The Complicated Ethics of Writing Violence in Fiction

From Time magazine:

There are some hard ethical questions in the writing of crime fiction.

For me, the most difficult one is how to portray violence.

For one thing, should you depict it all?

And if so, how do you do it with some sense of morality?

I wrestle with this issue all the time. It’s a fine line to walk. On the one hand I don’t want to sanitize violence—I don’t like presenting murder as a parlor game, or worse, a video game in which there are no real consequences. On the other hand, I don’t want to cross that thin line into what might be called the pornography of violence, a means to merely titillate the worst angels of our nature.

But we have to deal with it.

After all, we write crime fiction, and crime often involves violence. So either we choose crimes that don’t—the slick, bloodless heist, the clever con game—or we write scenes that involve shootings, stabbings and various kinds of murder.

And maybe that’s the answer—maybe we have come to a time when we should stop writing violent crime altogether. But if we make that choice, we say goodbye to the murder mystery, the procedural, the forensic novel.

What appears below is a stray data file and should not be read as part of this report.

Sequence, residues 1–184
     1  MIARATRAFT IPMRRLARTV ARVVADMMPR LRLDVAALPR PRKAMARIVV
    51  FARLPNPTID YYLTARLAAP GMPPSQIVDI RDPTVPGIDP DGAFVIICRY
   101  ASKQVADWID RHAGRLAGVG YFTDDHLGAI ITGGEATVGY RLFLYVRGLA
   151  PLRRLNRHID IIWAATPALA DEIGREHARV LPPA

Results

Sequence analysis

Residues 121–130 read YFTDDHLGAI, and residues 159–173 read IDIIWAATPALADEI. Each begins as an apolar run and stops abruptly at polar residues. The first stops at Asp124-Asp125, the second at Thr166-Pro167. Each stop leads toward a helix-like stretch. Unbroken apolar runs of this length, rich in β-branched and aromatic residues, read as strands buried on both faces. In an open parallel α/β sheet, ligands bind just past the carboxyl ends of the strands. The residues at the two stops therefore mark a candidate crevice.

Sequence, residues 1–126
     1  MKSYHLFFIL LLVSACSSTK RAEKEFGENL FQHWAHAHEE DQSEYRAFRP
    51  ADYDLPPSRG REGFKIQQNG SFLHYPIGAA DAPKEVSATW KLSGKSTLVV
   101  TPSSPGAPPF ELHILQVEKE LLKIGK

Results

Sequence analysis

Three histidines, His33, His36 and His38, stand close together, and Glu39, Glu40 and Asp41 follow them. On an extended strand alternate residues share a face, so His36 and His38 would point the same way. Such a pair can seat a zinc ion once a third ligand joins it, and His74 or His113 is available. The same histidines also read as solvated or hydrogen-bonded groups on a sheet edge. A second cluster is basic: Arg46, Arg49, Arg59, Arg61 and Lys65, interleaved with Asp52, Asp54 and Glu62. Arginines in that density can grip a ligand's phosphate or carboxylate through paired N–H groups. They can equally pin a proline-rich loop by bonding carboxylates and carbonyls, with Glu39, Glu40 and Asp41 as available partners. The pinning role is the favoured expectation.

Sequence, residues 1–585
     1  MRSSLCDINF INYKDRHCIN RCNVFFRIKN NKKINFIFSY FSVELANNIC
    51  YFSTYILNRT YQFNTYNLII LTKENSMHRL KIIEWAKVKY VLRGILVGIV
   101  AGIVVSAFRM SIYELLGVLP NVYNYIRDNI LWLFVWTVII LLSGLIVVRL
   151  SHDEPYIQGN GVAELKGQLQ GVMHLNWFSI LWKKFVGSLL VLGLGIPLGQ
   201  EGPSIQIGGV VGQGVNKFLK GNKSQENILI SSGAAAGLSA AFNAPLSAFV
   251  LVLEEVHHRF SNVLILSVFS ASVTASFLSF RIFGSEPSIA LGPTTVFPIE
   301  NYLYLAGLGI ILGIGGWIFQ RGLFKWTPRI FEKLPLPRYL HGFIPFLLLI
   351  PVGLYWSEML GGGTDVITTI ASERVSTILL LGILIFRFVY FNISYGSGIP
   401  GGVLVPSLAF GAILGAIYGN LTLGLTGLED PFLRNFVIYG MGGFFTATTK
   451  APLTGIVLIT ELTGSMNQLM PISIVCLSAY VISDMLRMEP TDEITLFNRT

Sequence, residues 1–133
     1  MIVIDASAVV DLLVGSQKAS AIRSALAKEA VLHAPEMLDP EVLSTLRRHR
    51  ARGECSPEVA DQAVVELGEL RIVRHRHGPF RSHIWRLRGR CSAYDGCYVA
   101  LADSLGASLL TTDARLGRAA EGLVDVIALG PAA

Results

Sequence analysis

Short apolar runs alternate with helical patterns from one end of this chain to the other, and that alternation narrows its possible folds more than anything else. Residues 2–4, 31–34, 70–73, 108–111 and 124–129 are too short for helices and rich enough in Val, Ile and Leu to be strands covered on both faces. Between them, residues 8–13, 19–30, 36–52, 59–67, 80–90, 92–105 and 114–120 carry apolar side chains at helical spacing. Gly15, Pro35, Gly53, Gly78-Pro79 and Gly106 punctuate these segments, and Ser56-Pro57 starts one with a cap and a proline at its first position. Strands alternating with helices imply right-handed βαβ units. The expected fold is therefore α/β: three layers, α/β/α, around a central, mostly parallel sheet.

And maybe I’m wrong about not sanitizing the violence. There is, after all, a place for the cleverly plotted, suspenseful whodunit with its witty dialogue, exotic locales, and intriguing characters. (Who am I to judge?) It’s fine, as long as we know it’s a game and we play by its rules and know its conventions. So if Colonel Someone kills Lord Someone Else in the study with a monkey wrench, we don’t expect to see the blood and brains and we don’t feel much from the grieving family except anticipation of the will.

Fair enough, I suppose.

But I write realistic crime fiction.

For twenty-three years, I wrote close-to-the-bone novels about the Mexican drug cartels. The actual violence was horrific, and I was faced with a stark choice: Do I back away from the violence, soften it, mute it, make it less terrible than it was, or do I bring it to the reader in realistic, graphic language that showed it the way it was?

For the most part, I chose the latter option.

It was hard choice.

Link to the rest at Time magazine

When PG found the OP, he realized that, after a significant number of years as a subscriber to Time and reading almost every issue cover-to-cover, he had allowed his subscription to lapse.

And he hadn’t thought about Time for a long, long time.

Things change.